48 Hours Since Election Announcement
December 9, 2010
It’s now about 48 hours since the KEP (Electoral Council) announced the results of November 28 voting and declared that Jude Celestin and Mirlande Manigat would be in the January 16th runoffs. Supporters of the very popular Michel Martelly immediately took to the streets.
There were more than simple irregularities on November 28. It was a catastrophe. Loads of completed ballots filled out for Jude Celestin were found in cars coming from the DR even before voting began.
Things got worse today instead of better. Even tonight we hear gun shots and tear gas regularly from the direction of Petion-Ville. The destruction continues.
It’s heartbreaking. I (John Engle) have been in Haiti for most of the time since 1991 so political instability and coups are not new to me. My wife Merline is Haitian, born and raised in Haiti. When she was ten she narrowly escaped her life when a mob came and burnt down their home and cars.
She was raised by her grandfather who was in politics. Her brother and sister also live with us plus a family friend, Fenye. Merline’s step-mother is also frequently with us. For all of them along with Felix, another friend of the family staying with us right now, this is not new.
For Merline’s and my two children, Daniel 4 and Leila 3 (January 2), this is new. Their Haitian-Creole vocabulary continues to expand in ways that are not encouraging: vyolans, zanm (guns), tire (shooting), boule (burn), tire woch (throw stones), met difè (burn with fire)…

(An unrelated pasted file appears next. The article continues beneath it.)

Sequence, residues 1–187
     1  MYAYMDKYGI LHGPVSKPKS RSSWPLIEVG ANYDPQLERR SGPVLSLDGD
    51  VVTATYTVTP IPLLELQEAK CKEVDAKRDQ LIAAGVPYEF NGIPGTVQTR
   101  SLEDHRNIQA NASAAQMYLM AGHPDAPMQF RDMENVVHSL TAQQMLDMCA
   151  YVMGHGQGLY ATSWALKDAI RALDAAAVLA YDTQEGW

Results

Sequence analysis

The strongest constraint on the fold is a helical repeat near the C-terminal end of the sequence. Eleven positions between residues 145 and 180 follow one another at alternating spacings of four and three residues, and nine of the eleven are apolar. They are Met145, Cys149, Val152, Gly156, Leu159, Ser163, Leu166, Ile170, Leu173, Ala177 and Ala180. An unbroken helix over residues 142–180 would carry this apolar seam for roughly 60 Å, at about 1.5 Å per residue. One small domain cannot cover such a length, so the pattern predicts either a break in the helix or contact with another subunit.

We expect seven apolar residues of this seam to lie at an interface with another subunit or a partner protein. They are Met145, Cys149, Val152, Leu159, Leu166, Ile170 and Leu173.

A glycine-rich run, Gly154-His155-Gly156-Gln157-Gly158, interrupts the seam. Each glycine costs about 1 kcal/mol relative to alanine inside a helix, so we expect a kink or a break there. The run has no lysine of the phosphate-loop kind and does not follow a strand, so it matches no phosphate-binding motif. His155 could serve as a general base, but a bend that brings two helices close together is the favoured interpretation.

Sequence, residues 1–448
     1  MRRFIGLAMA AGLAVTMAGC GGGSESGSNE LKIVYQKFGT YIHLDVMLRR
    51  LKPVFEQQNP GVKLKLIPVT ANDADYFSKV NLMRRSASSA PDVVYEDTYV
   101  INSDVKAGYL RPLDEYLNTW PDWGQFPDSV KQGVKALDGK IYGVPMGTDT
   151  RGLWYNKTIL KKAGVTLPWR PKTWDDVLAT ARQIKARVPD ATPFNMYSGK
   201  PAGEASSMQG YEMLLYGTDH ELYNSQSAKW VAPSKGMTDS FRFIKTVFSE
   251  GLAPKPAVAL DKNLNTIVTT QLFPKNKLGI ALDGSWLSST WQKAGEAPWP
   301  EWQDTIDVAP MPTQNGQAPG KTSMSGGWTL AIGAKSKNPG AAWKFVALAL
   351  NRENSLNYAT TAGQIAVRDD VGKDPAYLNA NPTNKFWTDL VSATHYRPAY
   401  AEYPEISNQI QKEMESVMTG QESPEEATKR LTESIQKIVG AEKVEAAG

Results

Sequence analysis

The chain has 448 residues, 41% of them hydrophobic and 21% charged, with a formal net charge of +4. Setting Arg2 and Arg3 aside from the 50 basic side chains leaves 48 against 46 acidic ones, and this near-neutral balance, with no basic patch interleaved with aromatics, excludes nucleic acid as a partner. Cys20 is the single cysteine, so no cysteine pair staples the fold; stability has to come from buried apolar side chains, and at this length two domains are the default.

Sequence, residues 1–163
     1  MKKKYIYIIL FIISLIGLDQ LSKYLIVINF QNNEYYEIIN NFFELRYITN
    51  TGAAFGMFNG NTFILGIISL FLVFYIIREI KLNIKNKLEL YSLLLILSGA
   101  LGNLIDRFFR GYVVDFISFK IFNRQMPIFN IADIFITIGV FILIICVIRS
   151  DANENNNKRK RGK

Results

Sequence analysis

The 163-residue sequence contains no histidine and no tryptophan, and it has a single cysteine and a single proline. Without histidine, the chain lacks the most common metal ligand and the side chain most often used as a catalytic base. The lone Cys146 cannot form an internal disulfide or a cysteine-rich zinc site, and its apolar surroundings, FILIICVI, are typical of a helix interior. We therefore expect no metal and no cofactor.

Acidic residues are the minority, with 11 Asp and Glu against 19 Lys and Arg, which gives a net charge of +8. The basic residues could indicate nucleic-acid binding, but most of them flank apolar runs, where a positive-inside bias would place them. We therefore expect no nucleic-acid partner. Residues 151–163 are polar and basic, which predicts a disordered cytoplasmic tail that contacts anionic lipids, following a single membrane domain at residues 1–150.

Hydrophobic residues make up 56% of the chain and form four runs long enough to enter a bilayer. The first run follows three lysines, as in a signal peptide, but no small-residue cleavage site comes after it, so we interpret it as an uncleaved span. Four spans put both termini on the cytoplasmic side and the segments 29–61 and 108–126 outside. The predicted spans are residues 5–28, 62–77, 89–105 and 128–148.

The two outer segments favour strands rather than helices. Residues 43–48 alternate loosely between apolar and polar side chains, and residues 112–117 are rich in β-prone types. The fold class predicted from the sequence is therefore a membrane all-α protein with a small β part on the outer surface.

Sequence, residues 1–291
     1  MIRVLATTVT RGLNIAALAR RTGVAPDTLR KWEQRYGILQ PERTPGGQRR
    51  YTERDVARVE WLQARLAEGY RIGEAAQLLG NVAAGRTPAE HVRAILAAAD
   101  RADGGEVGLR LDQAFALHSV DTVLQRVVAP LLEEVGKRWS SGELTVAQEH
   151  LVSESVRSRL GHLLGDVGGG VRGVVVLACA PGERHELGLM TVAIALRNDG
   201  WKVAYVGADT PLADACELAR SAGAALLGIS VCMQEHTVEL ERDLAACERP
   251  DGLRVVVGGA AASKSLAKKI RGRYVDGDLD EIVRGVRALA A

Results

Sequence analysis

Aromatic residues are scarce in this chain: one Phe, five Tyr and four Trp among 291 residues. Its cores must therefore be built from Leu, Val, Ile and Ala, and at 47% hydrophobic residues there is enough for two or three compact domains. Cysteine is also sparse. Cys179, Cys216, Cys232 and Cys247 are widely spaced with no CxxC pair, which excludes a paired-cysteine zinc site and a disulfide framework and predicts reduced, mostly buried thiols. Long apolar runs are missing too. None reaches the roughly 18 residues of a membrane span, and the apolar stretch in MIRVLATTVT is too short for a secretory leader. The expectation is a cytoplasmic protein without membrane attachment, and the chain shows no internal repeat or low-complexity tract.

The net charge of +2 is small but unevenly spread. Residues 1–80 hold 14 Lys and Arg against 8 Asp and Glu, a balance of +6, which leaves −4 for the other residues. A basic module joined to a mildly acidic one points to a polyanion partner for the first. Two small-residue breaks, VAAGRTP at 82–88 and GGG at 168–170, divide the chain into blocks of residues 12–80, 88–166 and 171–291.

The three-mile distance to get here from Port au Prince–even less from Petion-Ville–can take 15-30 minutes depending on traffic. A good portion of it is dirt with sections where cars pass one another with barely inches to spare. You can’t get to our house without a good 4-wheel drive.
The rough road and the feeling of remoteness from Petion-Ville often drives Merline crazy but times like this we couldn’t be more thankful for it. We feel very secure with our family which includes little Daniel and Leila who love being at home playing with their aunts and uncles and others in our busy household, not to mention four puppies, a cat and three grown dogs.
Even now with the sounds of gun fire in the distance, there’s no spirit of fear among us. It’s more sadness knowing that the suffering down below, especially among women and children who are in tents and who don’t have a way to escape is terrible.
We’re also grieving with Haitians who have had such a terrible year. It’s like a year of grief and frustration is erupting with the threat that their right to elect their next president is being yanked away from them. CNN journalist Jim Spellman captures well what’s happening in this article.
We’ll see what tomorrow brings.
Here’s hoping that Daniel and Leila’s Haitian-Creole vocabulary will one day contain the words for inclusiveness, transparency, and human flourishing. Seems a long way off now, but surely things will turn around soon, we all hope…
you capture the tone of everything and the scope so well in your writing
May Grace & Peace be multiplied to you & your family today. As my pastor proclaimed, Yahweh is the God over all who keeps his promises.
You dwell in the secret place of the Most High, under whose wings no foe or power of the enemy can stand.
Haitians can and will rise up to see a better day. Any help provided to Haiti should be done with the blessing of the Haitians and in accordance with their wishes while respectful of their culture and traditions.